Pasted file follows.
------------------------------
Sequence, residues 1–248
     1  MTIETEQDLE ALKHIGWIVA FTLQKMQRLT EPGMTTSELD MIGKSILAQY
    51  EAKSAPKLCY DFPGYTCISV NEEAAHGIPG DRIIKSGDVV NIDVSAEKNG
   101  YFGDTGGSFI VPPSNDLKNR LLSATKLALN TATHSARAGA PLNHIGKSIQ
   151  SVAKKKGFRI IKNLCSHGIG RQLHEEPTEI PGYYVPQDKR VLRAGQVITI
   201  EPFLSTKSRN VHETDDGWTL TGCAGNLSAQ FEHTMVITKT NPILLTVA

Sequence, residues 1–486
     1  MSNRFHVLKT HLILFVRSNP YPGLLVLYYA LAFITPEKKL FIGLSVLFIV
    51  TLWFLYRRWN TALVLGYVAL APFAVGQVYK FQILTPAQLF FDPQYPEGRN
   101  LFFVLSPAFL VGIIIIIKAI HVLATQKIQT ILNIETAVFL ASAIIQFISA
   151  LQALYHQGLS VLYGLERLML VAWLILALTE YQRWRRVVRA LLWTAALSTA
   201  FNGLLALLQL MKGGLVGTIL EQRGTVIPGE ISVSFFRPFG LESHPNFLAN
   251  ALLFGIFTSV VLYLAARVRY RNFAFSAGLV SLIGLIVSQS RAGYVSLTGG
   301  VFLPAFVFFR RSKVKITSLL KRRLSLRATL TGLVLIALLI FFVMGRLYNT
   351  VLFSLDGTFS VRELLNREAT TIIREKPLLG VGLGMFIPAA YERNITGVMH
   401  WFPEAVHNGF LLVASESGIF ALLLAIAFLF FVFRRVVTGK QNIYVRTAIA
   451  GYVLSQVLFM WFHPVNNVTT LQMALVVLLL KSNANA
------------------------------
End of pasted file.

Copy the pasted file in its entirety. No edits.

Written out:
Sequence, residues 1–248
     1  MTIETEQDLE ALKHIGWIVA FTLQKMQRLT EPGMTTSELD MIGKSILAQY
    51  EAKSAPKLCY DFPGYTCISV NEEAAHGIPG DRIIKSGDVV NIDVSAEKNG
   101  YFGDTGGSFI VPPSNDLKNR LLSATKLALN TATHSARAGA PLNHIGKSIQ
   151  SVAKKKGFRI IKNLCSHGIG RQLHEEPTEI PGYYVPQDKR VLRAGQVITI
   201  EPFLSTKSRN VHETDDGWTL TGCAGNLSAQ FEHTMVITKT NPILLTVA

Sequence, residues 1–486
     1  MSNRFHVLKT HLILFVRSNP YPGLLVLYYA LAFITPEKKL FIGLSVLFIV
    51  TLWFLYRRWN TALVLGYVAL APFAVGQVYK FQILTPAQLF FDPQYPEGRN
   101  LFFVLSPAFL VGIIIIIKAI HVLATQKIQT ILNIETAVFL ASAIIQFISA
   151  LQALYHQGLS VLYGLERLML VAWLILALTE YQRWRRVVRA LLWTAALSTA
   201  FNGLLALLQL MKGGLVGTIL EQRGTVIPGE ISVSFFRPFG LESHPNFLAN
   251  ALLFGIFTSV VLYLAARVRY RNFAFSAGLV SLIGLIVSQS RAGYVSLTGG
   301  VFLPAFVFFR RSKVKITSLL KRRLSLRATL TGLVLIALLI FFVMGRLYNT
   351  VLFSLDGTFS VRELLNREAT TIIREKPLLG VGLGMFIPAA YERNITGVMH
   401  WFPEAVHNGF LLVASESGIF ALLLAIAFLF FVFRRVVTGK QNIYVRTAIA
   451  GYVLSQVLFM WFHPVNNVTT LQMALVVLLL KSNANA